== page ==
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Highways, Byways, And Bridge Photography
Father Hennepin Bluffs Park Bridges
Father Hennepin Bluffs Park Mississippi River Trail Crossings
Minneapolis, MN

Father Hennepin Bluffs Park Bridges

Statistics Common To All Four Bridges
• Location: River Mile 853.7.
• River Elevation: 751 Feet.
• Structure: Four Pedestrian Bridges.
• Bridge Type: Laminated Wood Beam.
• Width: 8 Feet (Estimated).
 
Father Hennepin Bluffs Park Bridge #1
• Structure ID: NBI: 93916.
• Length: 98 Feet.
• Height Above Water: 3 Feet (Estimated).
• Date Built: 1970.
 
Father Hennepin Bluffs Park Bridge #2
• Structure ID: NBI: 93917.
• Length: 72 Feet.
• Height Above Water: 2 Feet (Estimated).
• Date Built: 1975.
 
Father Hennepin Bluffs Park Bridge #3
• Structure ID: NBI: 93918.
• Length: 76 Feet.
• Height Above Water: 4 Feet (Estimated).
• Date Built: 1975.
 
Father Hennepin Bluffs Park Bridge #4
• Structure ID: NBI: 93916.
• Length: 82 Feet.
• Height Above Water: 4 Feet (Estimated).
• Date Built: 1975.
While the falls were known to local people for eons, Father Louis Hennepin became the first European to see Saint Anthony Falls in 1680. At the time, the falls were several hundred feet downstream, about twice as high, and Hennepin Island was above the falls.

Father Hennepin was born in Belgium in 1640. He became a Franciscan Monk after completing his formal education. Hennepin loved to travel, and as part of his duties, he was sent to visit and write about the major churches of Italy. He later became a traveling merchant for the Franciscan Order. In 1675, Father Hennepin was sent to the new world as part of a group of four missionaries. He landed at Quebec.

Hennepin joined up with Chevalier de la Salle, and set sail up the Saint Lawrence river in 1679. They explored and built forts at such places as Niagara Falls and Green Bay. The trip took them down Lake Michigan and down the Illinois River. Here, Hennepin departed the La Salle party with orders to continue to the mouth of the Illinois River, then head north along the Mississippi River. After starting northward on the Mississippi River, Hennepin and his party were taken captive by Indians in April of 1680. The Indians were headed north, and they traveled to their home area near Lake Mille Lacs. The band of Indians traveled extensively, allowing Father Hennepin to explore east-central Minnesota and the upper Mississippi River. This lead to Hennepin being the first European to see Saint Anthony Falls. The Indians released Hennepin and his party in July, where it voyaged up the Wisconsin and Fox rivers to Green Bay.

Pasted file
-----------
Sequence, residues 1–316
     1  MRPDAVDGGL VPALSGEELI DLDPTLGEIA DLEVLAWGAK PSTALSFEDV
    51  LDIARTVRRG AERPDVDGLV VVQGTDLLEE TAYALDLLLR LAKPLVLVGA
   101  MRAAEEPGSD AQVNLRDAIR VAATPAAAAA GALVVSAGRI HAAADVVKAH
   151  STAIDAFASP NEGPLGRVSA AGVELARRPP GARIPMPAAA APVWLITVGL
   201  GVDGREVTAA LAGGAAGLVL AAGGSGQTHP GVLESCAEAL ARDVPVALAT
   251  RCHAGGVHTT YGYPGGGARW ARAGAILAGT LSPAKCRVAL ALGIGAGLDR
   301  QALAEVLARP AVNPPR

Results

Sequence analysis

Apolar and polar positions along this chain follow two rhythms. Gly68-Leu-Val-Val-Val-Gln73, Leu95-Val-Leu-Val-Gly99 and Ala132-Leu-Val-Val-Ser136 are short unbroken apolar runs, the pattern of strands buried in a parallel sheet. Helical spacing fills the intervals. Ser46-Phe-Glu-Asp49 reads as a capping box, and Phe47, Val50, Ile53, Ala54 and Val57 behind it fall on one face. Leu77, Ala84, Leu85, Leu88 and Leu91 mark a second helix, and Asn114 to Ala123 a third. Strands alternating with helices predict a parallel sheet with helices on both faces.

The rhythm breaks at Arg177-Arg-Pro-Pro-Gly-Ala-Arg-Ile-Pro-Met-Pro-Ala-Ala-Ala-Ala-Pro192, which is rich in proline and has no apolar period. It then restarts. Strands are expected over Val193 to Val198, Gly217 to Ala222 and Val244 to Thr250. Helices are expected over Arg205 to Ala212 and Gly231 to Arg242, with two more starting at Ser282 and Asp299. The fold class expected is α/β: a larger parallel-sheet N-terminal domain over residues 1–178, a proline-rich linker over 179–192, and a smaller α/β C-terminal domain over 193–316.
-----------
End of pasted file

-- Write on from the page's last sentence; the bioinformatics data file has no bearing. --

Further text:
In later life, Father Hennepin returned to Europe, where he lived in Rome. He wrote extensively about his journeys. Hennepin died at the age of 61 in 1701. Today, Father Hennepin is remembered in a number of ways, such as having a county bearing his name, a major street, a bridge, and an island. The river front just below the present day falls on the north side of the river is the location of Father Hennepin Bluffs Park. The park features a stairway and walking path across an old river channel and two spillways. There are four pedestrian bridges as part of this path. One was built in 1970, the other three in 1975.